Externality

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Related to Negative externality: Positive externality

Externality

The cost or benefits of a transaction to parties who do not directly participate in it. Externality can be either positive or negative. For example, a merger can lead to higher share prices and bonuses for employees, benefiting shareholders and employees at the two companies merging, This can create wealth and positively impact a community. On the other hand, the merger can drive a competitor out of business, which results in layoffs and reduced wealth, which can hurt a community. Externality is also called spillover or the neighborhood effect. See also: External benefit, External cost.
References in periodicals archive ?
Yet dropping out of this educational race would be the equivalent of sitting down at the concert while others continue standing; by sitting, a person would no longer be imposing a negative externality on others, but the harm imposed on him by those still standing would be greatly increased.
That is a loss of welfare for Palau as a whole and adds to the social cost of shark finning resulting in a negative externality. This phenomenon of added value in sharks from ecotourism is not solely in Palau.
The presence and effect of negative externalities in the energy sector are well documented, as pollution is a classic example of a negative externality responsible for market failure.
The choice to emphasize either the positive or negative externality in the mirrored set shapes the array of policy prescriptions we are likely to consider.
The intellectual underpinnings for the expansion of selective taxation of sin goods and other disfavored goods are built on a welfare economics argument--namely, that penalizing buyers and thereby controlling a negative externality will help to limit the production of these public "bads." However, the methodology for singling out negative externalities for taxation is ultimately a political game.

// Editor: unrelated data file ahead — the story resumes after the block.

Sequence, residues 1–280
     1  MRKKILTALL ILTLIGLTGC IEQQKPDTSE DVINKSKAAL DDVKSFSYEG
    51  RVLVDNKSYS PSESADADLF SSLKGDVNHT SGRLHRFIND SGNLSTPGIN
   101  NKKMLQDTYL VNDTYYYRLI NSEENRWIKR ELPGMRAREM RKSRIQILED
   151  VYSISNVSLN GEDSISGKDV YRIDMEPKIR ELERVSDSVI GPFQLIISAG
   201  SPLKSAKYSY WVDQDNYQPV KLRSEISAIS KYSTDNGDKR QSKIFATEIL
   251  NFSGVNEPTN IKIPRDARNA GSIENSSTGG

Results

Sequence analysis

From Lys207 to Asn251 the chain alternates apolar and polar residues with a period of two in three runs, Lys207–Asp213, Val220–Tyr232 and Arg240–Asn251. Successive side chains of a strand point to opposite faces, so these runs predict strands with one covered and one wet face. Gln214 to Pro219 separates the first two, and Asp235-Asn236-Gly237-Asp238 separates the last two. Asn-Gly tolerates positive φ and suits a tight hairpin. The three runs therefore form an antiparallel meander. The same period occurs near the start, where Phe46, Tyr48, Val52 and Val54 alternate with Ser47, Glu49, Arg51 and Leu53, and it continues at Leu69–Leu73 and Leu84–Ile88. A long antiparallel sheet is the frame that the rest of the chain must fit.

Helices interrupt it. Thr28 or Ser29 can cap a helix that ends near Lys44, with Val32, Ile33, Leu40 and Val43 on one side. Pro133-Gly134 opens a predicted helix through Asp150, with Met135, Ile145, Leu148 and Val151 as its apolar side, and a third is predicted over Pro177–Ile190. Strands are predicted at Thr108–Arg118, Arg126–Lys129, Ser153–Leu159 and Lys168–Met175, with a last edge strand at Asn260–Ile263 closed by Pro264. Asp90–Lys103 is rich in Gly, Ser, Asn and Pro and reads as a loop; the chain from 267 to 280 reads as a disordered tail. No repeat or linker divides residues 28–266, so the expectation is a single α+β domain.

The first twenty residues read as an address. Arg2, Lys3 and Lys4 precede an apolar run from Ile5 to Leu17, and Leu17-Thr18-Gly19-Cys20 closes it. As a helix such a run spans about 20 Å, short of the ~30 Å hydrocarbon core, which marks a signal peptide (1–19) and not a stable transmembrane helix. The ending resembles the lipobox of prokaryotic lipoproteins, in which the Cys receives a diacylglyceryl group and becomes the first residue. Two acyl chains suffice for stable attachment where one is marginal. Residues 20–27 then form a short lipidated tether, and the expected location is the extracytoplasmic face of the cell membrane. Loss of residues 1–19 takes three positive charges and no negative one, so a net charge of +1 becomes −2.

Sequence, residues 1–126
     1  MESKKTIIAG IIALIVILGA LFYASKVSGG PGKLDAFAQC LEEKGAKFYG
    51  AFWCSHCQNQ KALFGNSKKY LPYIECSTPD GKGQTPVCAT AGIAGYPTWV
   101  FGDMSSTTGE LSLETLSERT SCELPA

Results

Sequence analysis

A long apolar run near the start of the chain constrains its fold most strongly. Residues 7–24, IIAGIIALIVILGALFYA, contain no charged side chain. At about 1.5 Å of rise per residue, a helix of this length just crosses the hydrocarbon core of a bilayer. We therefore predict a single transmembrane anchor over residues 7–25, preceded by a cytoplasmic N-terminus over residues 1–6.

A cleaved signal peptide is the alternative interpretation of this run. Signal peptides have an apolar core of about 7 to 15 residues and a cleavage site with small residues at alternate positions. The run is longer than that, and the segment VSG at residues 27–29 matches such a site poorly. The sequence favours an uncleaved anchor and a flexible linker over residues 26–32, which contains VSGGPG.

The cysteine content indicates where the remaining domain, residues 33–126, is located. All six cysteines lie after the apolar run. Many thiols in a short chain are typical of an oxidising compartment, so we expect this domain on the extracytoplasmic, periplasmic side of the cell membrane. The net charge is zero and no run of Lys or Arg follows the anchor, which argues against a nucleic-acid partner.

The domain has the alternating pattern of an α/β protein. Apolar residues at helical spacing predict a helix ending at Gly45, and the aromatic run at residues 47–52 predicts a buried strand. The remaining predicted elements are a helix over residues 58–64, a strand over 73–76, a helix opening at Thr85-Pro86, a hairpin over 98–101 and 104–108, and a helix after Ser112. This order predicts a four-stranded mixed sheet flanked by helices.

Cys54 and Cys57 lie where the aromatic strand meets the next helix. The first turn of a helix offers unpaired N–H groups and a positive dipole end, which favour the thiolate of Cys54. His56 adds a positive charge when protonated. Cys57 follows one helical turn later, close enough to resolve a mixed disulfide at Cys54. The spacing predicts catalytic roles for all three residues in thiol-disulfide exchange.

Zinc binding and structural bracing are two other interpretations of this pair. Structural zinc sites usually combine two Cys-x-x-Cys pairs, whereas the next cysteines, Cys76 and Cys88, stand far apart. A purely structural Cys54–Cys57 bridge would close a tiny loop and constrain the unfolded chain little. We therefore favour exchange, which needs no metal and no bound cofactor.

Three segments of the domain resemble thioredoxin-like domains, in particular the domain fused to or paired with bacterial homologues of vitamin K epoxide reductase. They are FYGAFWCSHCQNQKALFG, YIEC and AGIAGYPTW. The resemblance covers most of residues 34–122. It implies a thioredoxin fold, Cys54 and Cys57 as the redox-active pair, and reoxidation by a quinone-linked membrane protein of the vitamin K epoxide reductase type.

He rejects the Pigouvian framing of the problem in terms of "restraining the producer" of the negative externality:
For purposes of simplification, I consider only two categories of possible solutions to the negative externality caused by increased GHG emissions: a private-market, Coasian solution and public interventions through price-based or quantity-based regulation.
In particular, if consumption of a particular commodity leads to a negative externality, Pigou (1920) and Baumol (1972) suggest that those goods should be taxed at a higher rate.
Damping of factory waste in a water system can have a negative impact on those who rely on the water for drinking etc as they are in danger of poisoning (Negative externality).
A negative externality is the harm a contract inflicts on third persons who are not parties to the contract.
He also finds that the model recommended by the Commission should be revised to guarantee that non-participating countries will not suffer from a "negative externality" of the FTT (extraterritorial taxation and erosion of the tax base).